Apr 6, 2022 - Politics & Policy

Scoop: Sinema throws cold water on Build Back Better revival

Sen. Kyrsten Sinema is seen speaking during a Senate hearing.
Sen. Kyrsten Sinema. Photo: Al Drago-Pool/Getty Images

Last year, Sen. Joe Manchin (D-W.Va.) publicly sounded the death knell for President Biden's Build Back Better agenda. Sen. Kyrsten Sinema (D-Ariz.), his fellow holdout, is privately concurring, Axios has learned.

Why it matters: In closed-door conversations, Sinema has told donors a path to revival is unlikely. That's dampened expectations Congress will act on a slimmed-down bill before Memorial Day. It also means any revived BBB legislation faces an arduous route back to the center of the Senate agenda.

  • No one's reached out to Sinema about the contours of the slimmed-down deal Manchin has discussed, people familiar with the matter tell Axios.
  • Instead, Sinema's telling donors most of her focus is on the $10 billion COVID-19 relief bill, the so-called China competition legislation and modifications to the Electoral Reform Act.
  • A Sinema spokesperson declined comment to Axios.

The big picture: With an expected vote on Judge Ketanji Brown Jackson to serve as a Supreme Court justice this week, the Senate still wants to act on coronavirus relief before leaving town.

  • If not, after a two-week recess, senators expect to finalize the new COVID-19 spending and then turn to settling differences with the House over the China bill.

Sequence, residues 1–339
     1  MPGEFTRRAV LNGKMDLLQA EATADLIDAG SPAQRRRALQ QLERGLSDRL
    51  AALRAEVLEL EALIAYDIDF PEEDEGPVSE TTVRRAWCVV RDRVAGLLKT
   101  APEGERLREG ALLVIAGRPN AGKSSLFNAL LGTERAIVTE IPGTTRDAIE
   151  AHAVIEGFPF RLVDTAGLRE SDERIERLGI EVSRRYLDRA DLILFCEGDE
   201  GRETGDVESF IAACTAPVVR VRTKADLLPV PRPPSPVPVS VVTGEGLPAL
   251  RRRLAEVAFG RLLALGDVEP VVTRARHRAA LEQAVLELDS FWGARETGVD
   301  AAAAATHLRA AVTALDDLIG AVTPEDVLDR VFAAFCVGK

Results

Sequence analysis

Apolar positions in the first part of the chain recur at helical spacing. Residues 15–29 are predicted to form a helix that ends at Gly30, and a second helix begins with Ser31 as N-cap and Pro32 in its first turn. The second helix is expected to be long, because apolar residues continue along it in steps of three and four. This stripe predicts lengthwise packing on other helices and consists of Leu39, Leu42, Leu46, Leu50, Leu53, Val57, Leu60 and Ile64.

• As a practical matter, those issues will suck up much of the Senate's bandwidth, leaving little room for Build Back Better talks.

Driving the news: Manchin is telling climate activists — as well as reporters — he’s open to raising taxes on corporations and wealthy Americans to pay for roughly $550 billion in new climate-related spending.

  • He also wants to bolster America’s energy independence by approving more permits for offshore drilling and domestic pipelines.
  • Some progressives are skeptical about Manchin’s seriousness and intentions. Others say they're ready to accept his demands on natural gas in return for the $550 billion to lower carbon emissions, Politico reported.

Go deeper: Last fall, Sinema forced the White House to abandon Biden's plans to increase the corporate tax rate to 26.5% from 21% and raise the top individual rate for the wealthiest Americans from 37% to 39.5%.

  • But she did end up agreeing to raise the global minimum and domestic tax rate for corporations to 15%, which would raise about $600 billion over 10 years.
  • In all, she agreed to measures that would increase revenues by about $2 trillion — more than enough to offset the $1 trillion in new revenue Manchin has floated to pay for climate provisions and deficit reduction.

Between the lines: After Biden pivoted toward deficit reduction in the State of the Union address, indicating he might be willing to work with Manchin on a smaller package, Sinema said her support for the White House's framework on Build Back Better was unchanged.

  • “Any new, narrow proposal — including deficit reduction — already has enough tax reform options to pay for it,” a Sinema spokesperson said in early March.
  • “These reforms are supported by the White House, target tax avoidance and ensure corporations pay taxes, while not increasing costs on small businesses or everyday Americans already hurting from inflation.”

The bottom line: The White House has always needed to solve issues not just for Manchin but also for Sinema to get a reconciliation bill passed in a 50-50 Senate.

  • If and when she gets engaged, the talks will take on new urgency.
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